Muslims must accept that freedom of speech is central to Britishness and should be preserved even if it offends people, Trevor Phillips has said.
People must tolerate things they do not like, says Mr Phillips
The chairman of the Commission for Racial Equality (CRE) said we should "allow people to offend each other".
And he suggested that Muslims who wanted a system of Islamic Shariah law should leave the UK.
His comments follow angry protests against cartoons satirising the Muslim prophet Muhammad.
'Absurd or unpopular'
Mr Phillips told ITV1's Jonathan Dimbleby programme: "What some minorities have to accept is that there are certain central things we all agree about, which are about the way we treat each other.
"That we have an attachment to democracy, that we sort things out by voting not by violence and intimidation, that we tolerate things that we don't like."
And that commitment to freedom of expression should also allow Muslim preachers to make comments about homosexuality that are offensive to broad segments of the British population, he said.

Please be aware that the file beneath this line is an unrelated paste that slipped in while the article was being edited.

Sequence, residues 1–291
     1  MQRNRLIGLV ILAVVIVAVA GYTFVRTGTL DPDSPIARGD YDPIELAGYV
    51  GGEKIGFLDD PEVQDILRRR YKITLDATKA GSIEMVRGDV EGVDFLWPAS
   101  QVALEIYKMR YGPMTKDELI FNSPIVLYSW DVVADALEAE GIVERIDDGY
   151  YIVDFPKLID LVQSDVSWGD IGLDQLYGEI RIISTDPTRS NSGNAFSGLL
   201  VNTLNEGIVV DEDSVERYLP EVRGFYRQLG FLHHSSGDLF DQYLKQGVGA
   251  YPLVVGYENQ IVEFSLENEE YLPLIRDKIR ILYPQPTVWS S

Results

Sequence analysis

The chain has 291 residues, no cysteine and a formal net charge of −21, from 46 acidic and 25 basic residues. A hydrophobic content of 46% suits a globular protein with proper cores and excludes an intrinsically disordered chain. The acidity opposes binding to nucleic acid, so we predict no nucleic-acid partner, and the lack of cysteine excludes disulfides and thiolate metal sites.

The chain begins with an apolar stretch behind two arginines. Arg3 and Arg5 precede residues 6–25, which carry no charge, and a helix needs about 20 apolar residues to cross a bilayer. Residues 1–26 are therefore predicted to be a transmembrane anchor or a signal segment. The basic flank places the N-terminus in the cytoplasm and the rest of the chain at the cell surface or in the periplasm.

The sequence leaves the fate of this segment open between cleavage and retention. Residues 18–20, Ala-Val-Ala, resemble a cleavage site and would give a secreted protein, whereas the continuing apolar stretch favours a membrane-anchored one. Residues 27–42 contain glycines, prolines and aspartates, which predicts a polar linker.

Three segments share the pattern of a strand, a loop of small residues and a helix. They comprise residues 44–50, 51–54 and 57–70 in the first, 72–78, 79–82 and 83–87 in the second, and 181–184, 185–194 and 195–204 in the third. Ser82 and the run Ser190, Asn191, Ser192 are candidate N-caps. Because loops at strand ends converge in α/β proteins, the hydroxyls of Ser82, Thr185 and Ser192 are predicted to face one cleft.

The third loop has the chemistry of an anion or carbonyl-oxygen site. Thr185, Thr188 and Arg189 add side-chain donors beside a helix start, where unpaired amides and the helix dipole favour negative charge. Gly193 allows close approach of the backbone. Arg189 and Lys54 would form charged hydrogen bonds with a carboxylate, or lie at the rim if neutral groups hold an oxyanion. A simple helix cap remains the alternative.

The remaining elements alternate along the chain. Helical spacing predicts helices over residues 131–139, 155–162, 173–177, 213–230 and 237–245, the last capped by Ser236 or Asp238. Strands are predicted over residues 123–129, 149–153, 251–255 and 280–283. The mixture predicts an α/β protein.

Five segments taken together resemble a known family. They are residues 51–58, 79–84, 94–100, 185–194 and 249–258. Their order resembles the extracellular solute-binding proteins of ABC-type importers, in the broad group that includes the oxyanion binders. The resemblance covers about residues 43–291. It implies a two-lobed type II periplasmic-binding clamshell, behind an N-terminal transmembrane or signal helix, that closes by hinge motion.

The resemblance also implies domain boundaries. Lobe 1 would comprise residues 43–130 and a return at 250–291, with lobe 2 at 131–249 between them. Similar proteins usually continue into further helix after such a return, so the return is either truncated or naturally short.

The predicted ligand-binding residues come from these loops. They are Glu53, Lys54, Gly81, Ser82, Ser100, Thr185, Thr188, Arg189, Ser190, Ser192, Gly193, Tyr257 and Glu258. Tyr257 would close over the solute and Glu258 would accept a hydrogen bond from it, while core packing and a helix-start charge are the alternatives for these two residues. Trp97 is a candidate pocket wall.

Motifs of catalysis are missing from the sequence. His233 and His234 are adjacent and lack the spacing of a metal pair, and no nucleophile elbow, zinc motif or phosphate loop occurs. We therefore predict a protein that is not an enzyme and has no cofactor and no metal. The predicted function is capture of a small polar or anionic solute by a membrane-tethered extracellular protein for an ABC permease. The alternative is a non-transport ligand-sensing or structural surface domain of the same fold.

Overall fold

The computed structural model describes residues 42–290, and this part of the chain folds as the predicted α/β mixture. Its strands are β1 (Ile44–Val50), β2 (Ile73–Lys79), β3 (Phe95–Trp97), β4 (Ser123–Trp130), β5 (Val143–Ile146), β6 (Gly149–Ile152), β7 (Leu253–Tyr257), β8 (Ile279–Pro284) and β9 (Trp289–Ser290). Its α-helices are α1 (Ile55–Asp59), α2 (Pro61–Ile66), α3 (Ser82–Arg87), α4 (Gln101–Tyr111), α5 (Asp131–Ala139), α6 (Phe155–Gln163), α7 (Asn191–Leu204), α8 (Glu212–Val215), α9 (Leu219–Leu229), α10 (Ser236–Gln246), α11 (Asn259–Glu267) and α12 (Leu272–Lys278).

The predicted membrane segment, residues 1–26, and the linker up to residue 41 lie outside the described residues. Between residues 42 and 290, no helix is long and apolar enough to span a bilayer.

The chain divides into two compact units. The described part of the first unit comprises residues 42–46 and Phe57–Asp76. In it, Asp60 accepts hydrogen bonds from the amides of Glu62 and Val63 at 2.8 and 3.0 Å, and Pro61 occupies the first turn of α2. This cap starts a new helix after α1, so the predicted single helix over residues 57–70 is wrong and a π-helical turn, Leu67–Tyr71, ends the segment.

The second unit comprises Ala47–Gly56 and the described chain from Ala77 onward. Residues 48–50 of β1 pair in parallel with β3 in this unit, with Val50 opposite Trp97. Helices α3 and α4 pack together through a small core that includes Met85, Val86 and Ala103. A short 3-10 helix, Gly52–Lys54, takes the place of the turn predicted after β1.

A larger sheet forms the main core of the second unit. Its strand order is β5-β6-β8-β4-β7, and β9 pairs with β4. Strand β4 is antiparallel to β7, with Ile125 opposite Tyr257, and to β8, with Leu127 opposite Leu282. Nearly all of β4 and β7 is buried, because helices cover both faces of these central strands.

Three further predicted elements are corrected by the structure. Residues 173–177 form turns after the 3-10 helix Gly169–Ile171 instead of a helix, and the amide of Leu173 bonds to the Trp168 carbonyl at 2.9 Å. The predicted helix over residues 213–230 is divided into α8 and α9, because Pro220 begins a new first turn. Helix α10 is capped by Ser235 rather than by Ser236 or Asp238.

There were several large protests held in London over the cartoons
"One point of Britishness is that people can say what they like about the way we should live, however absurd, however unpopular it is," said Mr Phillips.
He also rejected the idea of Shariah law in Muslim communities in the UK.
"We have one set of laws. They are decided on by one group of people, members of Parliament, and that's the end of the story.
"Anybody who lives here has to accept that's the way we do it. If you want to have laws decided in another way, you have to live somewhere else," he said.